While Annie Liebovitz is never afraid to fall in love with her subjects, Dorothea Lange sees the camera as “an instrument that teaches people how to see without a camera.”
Either way, there is a humanity to photography that lends itself to portraiture so inherently. Here at Head On HQ our definition of a portrait is, “An image that features or reflects the essence of a person or group of people.” It is this broad definition of portraiture that connects us to so many fascinating images. We understand that capturing the nature of people and the traces of their existence comes from more than a traditional head-shot.
It is the ideas of ‘trace’ and ‘essence’ that lends itself perfectly to the 2013 Portrait Prize Finalist image ‘Ned Kelly’ by Damien Pleming. While most people would consider this a fine-art image, we see the connection to ontology, or the nature of being.
We see the physical trace of Ned Kelly, his skeleton, but knowing this is Ned Kelly’s skeleton brings so much more out of the image. We begin to associate with Ned Kelly’s personality and all the things he represents, we start to think about history and social memory.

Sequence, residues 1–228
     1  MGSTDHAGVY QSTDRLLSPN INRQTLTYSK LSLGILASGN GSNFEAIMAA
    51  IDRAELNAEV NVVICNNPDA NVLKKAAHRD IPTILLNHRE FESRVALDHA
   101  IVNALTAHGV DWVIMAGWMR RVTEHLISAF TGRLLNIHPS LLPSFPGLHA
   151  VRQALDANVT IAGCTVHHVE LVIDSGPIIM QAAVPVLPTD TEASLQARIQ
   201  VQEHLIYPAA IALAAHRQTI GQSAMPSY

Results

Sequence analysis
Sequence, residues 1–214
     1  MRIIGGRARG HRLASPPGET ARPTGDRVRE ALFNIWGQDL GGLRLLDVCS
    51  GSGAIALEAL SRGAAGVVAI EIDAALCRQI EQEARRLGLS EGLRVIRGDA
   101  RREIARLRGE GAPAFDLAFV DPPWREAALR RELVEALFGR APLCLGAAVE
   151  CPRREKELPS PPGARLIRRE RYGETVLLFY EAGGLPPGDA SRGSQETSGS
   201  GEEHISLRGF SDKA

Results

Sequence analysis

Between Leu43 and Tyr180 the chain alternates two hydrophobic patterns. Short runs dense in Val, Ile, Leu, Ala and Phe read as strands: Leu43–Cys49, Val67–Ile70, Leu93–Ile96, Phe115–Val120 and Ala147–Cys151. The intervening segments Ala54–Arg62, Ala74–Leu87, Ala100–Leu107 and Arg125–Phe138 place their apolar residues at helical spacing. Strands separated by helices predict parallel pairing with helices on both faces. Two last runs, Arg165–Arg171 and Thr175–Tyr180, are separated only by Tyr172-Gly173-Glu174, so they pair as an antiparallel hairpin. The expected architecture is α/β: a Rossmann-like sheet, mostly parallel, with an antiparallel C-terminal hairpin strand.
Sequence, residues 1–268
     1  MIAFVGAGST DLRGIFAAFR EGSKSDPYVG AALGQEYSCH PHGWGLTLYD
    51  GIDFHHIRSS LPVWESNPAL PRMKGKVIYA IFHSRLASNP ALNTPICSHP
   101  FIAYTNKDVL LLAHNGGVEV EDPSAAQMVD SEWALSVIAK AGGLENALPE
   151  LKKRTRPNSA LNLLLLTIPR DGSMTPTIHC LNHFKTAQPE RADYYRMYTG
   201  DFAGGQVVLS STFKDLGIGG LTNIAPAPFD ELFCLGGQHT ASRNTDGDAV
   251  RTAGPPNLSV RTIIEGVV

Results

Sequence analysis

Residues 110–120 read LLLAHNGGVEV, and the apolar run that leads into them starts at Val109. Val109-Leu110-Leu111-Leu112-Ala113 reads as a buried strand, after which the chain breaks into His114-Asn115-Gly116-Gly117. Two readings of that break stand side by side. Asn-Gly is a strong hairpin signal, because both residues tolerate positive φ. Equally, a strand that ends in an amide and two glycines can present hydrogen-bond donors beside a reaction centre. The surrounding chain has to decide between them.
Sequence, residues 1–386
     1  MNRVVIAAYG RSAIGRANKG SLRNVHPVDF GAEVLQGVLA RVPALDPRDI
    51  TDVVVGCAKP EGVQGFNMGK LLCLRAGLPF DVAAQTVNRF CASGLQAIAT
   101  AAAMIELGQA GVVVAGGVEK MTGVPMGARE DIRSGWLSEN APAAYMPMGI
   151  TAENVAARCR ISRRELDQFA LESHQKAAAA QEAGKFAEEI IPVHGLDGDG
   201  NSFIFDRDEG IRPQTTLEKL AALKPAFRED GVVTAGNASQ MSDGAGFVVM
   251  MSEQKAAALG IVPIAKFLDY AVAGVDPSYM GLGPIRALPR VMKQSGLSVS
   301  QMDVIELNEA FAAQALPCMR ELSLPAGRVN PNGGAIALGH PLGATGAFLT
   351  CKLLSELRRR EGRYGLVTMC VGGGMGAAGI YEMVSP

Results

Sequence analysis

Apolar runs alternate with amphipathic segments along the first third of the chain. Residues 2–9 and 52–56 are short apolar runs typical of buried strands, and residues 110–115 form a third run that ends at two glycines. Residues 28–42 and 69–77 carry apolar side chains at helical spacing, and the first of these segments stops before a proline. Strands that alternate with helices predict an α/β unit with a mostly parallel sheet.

The portrait prize is where Head On Photo Festival began back in 2004. Festival director, Moshe Rosenzveig began looking at works previously entered in the Art Gallery of NSW photographic exhibition and turned in into Head On numero uno. The portrait prize has come a long way and today, is still the festival’s centrepiece with a rich cash prize of $5000 for its winner AND some top of the line Olympus and Adobe equipment, AND an exhibition at the Museum of Sydney… What’s not to love?
It only costs $30 to enter or $25 for members. Finalists’ costs are covered and, FYI, we’re a non-profit organisation so all the money goes straight back into the festival. This year for the first time, we’ve gone international! So come and join the portrait party across the pond.